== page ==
LAIS is also accused of transferring a total of HK$20 million to “politically connected beneficiaries” from September 2019 to October 2020, including transferring nearly HK$8 million to the Civic Party, HK$5 million to the Democratic Party, HK$1 million to the Labor Party, HK$930,000 to the Social Democratic League, HK$3.64 million to Andy Li, and HK$379,000 to former Legislative Council member Au Nok-hin.

Jimmy Lai’s company transferred funds to the law firm Ho Tse Wai & Partners on two other occasions. In March 2016, Lai transferred HK$5 million to his subsidiary Comitex Knitters Limited (公明紡織廠). Two days later, Gongming Textile Factory transferred HK$2 million to Ho Tse Wai & Partners and HK$3 million to the Democratic Party through a bank cashier’s check. One month later, the bank cashier’s check was returned; Jimmy Lai also transferred HK$2 million to o Tse Wai & Partners through Mark Simon.

The Witness: Day 9 of Jimmy Lai Trial | National Security Department gives testimony alleging that lai transferred money to the pro-democracy camp many times and sent more than HK$1 million to US Deputy Secretary of Defense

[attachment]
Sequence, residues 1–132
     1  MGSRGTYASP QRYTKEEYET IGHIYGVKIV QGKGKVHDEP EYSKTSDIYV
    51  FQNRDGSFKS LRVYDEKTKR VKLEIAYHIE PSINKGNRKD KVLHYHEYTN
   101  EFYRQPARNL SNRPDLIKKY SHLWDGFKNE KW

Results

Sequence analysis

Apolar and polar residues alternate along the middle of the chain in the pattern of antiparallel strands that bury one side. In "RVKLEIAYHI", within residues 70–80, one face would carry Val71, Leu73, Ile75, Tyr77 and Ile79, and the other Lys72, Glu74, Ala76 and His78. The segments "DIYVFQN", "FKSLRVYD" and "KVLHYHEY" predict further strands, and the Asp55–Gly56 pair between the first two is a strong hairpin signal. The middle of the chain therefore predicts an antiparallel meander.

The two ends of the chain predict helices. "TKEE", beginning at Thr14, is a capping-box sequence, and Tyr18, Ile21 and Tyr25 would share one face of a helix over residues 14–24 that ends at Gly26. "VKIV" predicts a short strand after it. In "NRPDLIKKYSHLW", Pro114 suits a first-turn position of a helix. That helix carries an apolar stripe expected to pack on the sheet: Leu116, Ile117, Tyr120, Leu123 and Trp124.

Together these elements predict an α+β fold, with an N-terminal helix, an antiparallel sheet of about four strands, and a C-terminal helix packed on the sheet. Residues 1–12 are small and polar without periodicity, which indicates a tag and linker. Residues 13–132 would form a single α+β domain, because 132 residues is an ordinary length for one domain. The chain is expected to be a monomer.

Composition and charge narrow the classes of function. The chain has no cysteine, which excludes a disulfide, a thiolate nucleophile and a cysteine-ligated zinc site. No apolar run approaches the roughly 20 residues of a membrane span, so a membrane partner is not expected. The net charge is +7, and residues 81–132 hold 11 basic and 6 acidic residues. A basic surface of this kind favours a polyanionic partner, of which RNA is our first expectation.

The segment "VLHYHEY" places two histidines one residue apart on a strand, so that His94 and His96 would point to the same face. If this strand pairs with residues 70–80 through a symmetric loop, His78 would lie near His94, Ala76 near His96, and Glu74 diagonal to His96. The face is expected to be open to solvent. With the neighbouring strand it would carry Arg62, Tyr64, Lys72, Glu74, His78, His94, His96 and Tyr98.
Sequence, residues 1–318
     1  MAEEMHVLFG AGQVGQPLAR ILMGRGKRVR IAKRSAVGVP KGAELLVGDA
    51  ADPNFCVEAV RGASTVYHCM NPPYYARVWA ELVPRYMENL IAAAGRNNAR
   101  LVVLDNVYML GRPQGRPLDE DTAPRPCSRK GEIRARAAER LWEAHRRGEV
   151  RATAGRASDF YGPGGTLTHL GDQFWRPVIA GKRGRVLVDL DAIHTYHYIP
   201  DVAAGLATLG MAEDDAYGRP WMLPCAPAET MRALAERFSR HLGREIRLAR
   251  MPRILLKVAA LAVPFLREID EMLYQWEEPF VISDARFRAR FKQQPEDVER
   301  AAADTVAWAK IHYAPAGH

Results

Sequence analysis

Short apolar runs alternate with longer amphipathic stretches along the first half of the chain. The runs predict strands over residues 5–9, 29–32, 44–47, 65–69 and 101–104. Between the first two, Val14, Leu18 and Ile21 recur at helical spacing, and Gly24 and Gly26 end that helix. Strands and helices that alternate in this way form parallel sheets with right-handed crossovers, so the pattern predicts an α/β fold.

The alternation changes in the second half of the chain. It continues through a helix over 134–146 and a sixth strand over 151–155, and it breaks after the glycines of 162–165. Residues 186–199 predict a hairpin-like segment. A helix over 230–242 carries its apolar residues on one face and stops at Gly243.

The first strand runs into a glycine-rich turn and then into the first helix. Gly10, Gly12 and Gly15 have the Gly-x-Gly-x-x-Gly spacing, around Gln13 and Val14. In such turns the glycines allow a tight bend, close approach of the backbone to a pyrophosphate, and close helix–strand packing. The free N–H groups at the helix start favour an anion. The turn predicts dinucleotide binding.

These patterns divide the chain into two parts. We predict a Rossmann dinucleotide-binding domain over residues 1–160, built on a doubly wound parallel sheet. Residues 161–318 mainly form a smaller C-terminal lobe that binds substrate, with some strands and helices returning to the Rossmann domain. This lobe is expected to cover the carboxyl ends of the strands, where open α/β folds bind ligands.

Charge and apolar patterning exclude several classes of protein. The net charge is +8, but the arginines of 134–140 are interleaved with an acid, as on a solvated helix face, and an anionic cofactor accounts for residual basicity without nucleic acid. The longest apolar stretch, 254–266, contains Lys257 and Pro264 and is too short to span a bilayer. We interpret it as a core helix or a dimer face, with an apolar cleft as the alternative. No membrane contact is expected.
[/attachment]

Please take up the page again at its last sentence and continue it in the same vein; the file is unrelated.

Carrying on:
Next Media founder Jimmy Lai and three companies related to “Apple Daily” were charged with “conspiracy to collude with foreign forces” and other crimes. The case entered its ninth day at the West Kowloon Magistrates’ Court (Provisional High Court) on Wednesday (January 10). The prosecution read out a written statement by the national security police who investigated Lai’s finances. The statement pointed out that Andy Li of the “SWHK Team” received a “suspicious huge sum” of more than HK$14 million, and withdrew HK$9.8 million from the account to pay for advertisement in international newspapers.

The police statement points out that according to the bank records of Jimmy Lai and his assistant Mark Simon, Lai sent money to former US Deputy Secretary of Defense Paul Wolfowitz six times between 2013 and 2017, involving a total of about 1.767 million yuan. Lai also sent a total of HK$3.5 million to Cardinal Joseph Zen, who served as Bishop of Hong Kong, and transferred more than HK$10 million through his companies to various pro-democracy parties, including the Democratic Party, Civic Party, Labor Party, and the League of Social Democrats, etc.